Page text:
VOICES Ideas and Insight From Explorers
Tag archives for wildlife
Submitted by Zoe Jewell and Sky Alibhai of ConservationFIT Today, May 22, is the 2017 International Day for Biological Diversity. In the beautifully-phrased words of E.O. Wilson, world-renowned conservationist, biodiversity is “the assembly of life that took a billion years to evolve. It has eaten the storms, folded them into its genes, and created the…
For 30 days in April and May, 2017, a team of researchers surveyed the Cockscomb Basin Wildlife Sanctuary and its surrounding environs for Central American black howler monkeys (Alouatta pigra). The Cockscomb monkeys are descended from animals that were first brought into the sanctuary 25 years ago in an effort to reintroduce howler monkeys to the area.
Lagoons have always fascinated me. The size, shape, and length of a lagoon – and the number of channels that connect inner lagoonal waters with the open ocean – influence the types of coral communities that form within. Because of the amount of sand in the lagoon that sits between the two islands of Kaibu and Yacata in northern Lau Group, I had fairly minimal expectations about what I might see. But nature has a way of surprising us, even the more seasoned coral ecologists!
On 8 May, 2017, a team of made up of fish and coral experts set off to the untouched waters and lush limestone islands of the Northern Lau Group. Vatuvara Private Islands, along with Vatuvara Foundation have partnered with WCS (Wildlife Conservation Society) to conduct marine baseline surveys to assess the health of diverse coral reefs, 12 months after Category 5 Cyclone Winston passed through Fiji caused widescale damage.
WCS designed its Climate Adaptation Fund to test and verify solutions to protect the ecological integrity of natural systems. After five years of investing in adaptation projects across the country, our new 14 Solutions report categorizes some of the most common climate challenges impacting diverse landscapes and pairs them with the solutions our grant partners have deployed across the United States.
On Earth Day 2017 when millions were busy conserving and celebrating nature, President Donald Trump’s son was out killing a keystone species.
By Shelley Dearhart One of the most incredible predators in our Ocean is in danger of being lost. Pacific Bluefin tuna populations have been in jeopardy for years and new allegations of illegal and overfishing activity by Japanese fleets create a dire need for conservation measures to be taken to protect this species. Populations have…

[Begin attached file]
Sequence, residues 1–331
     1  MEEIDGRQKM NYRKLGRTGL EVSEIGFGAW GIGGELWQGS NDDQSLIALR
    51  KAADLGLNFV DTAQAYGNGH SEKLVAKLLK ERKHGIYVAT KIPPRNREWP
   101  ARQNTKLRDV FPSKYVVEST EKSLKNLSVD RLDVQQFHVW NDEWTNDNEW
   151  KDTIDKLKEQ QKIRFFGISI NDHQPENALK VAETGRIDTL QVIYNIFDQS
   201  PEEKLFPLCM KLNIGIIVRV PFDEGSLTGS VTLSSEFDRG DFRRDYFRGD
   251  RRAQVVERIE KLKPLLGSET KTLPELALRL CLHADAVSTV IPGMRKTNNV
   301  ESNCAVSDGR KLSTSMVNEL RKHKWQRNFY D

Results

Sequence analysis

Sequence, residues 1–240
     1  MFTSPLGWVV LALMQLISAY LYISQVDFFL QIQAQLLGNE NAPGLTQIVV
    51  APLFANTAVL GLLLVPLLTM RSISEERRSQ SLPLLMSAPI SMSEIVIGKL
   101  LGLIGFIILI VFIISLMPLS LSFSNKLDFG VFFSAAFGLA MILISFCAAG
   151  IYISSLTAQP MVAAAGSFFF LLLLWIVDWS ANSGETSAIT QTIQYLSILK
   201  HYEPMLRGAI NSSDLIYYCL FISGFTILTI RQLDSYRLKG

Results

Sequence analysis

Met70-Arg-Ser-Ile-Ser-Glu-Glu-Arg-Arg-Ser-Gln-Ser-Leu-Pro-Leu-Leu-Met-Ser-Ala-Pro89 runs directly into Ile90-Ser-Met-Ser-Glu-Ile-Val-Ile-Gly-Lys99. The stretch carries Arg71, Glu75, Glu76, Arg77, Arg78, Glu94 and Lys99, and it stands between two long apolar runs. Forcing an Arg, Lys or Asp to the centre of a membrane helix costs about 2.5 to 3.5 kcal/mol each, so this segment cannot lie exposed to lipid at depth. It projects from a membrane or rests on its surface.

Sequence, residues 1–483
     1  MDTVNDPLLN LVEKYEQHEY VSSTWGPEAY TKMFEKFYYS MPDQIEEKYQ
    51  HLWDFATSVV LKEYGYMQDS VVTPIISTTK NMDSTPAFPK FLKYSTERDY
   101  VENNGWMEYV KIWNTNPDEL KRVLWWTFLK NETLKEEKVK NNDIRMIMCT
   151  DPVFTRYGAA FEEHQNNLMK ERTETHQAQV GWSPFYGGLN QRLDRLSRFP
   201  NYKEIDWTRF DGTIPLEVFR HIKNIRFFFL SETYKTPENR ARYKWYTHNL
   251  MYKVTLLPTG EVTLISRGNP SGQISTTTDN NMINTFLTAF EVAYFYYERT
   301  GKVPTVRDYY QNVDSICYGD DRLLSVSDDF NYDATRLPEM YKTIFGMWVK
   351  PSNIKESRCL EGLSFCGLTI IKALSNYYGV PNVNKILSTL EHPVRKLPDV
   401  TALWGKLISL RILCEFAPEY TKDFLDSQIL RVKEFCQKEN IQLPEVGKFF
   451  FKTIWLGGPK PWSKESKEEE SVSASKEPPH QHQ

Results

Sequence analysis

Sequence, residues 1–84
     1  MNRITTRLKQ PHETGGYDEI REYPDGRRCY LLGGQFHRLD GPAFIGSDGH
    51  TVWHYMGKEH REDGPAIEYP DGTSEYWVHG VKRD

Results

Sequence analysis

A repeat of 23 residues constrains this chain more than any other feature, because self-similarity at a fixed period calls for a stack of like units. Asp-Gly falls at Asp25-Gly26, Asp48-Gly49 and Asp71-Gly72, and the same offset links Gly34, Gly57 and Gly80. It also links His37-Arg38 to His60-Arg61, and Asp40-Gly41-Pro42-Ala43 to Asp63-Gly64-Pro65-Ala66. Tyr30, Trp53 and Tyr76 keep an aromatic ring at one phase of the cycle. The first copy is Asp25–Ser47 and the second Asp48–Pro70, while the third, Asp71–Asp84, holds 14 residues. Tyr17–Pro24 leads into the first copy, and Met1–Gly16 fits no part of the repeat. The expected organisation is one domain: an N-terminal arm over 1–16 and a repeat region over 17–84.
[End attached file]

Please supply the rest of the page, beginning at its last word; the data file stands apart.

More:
Wildlife photographer Jodi Frediani explains why April 20 is more than a holiday for smokers; it’s a day for whale lovers in Monterey Bay to gather & watch.
Photographer, filmmaker and conservationist Shawn Heinrichs documents new biodiversity, a sign of conservation success in Indonesia’s Misool Marine Reserve.
Throughout my life, I’ve occasionally felt a déjà vu kind of love for certain people, places, and things that I’ve never actually encountered before. Let’s call them les déjà aimés or the already loved. There have been quite a few of these special first-encounters throughout my life: the first eastern box turtle that ever crossed my path; the tadpole filled pond in the woods behind my grandfather’s house; and the blue swell of the Southern Blue Ridge. When I laid my eyes upon a rusty-patched bumble bee for the first time, that old familiar feeling presented itself once again, immediately filling me with a deep surge of compassion for this little bee with an oxidized, orange kiss of color.
Brian Correiar, a California-based diving master and certified diver for more than 18 years, says he’s always been more comfortable in water than on land. His sense of ease in the seas was seriously shaken on Saturday, March 18, 2017, when a great white shark attacked the 14-foot, single-person ocean kayak he was paddling in through Monterey Bay.
The price of ivory in China has dropped by 2/3 since 2014. Can that help save living elephants?
These slideshow images, taken by Paul Hilton for WCS in 2016, illustrate the multitude of challenges faced in conserving the Sumatran elephant. These include the conversion of forest habitat to oil palm plantations, degradation of forest habitat by illegal logging, conflicts with farmers through crop-raiding, and being illegally hunted for their ivory tusks.
As the government rolls out the closing of the market, WCS (Wildlife Conservation Society) is observing hopeful results as in the Save the Elephants report issued this week. We believe that the ban has played a significant role in de-valuing ivory. We also believe that the ban has increased motivation for enforcement agencies to enhance actions on illegal ivory trade.
By Lauren Hackney Upon arrival for my second field season with The Leatherback Trust in Costa Rica, I was eager to return to Playa Grande for its unique biodiversity. Playa Grande’s pristine white sand beach hosts nesting leatherbacks, the same species who swam our oceans 110 million years ago when dinosaurs roamed the Earth. Now…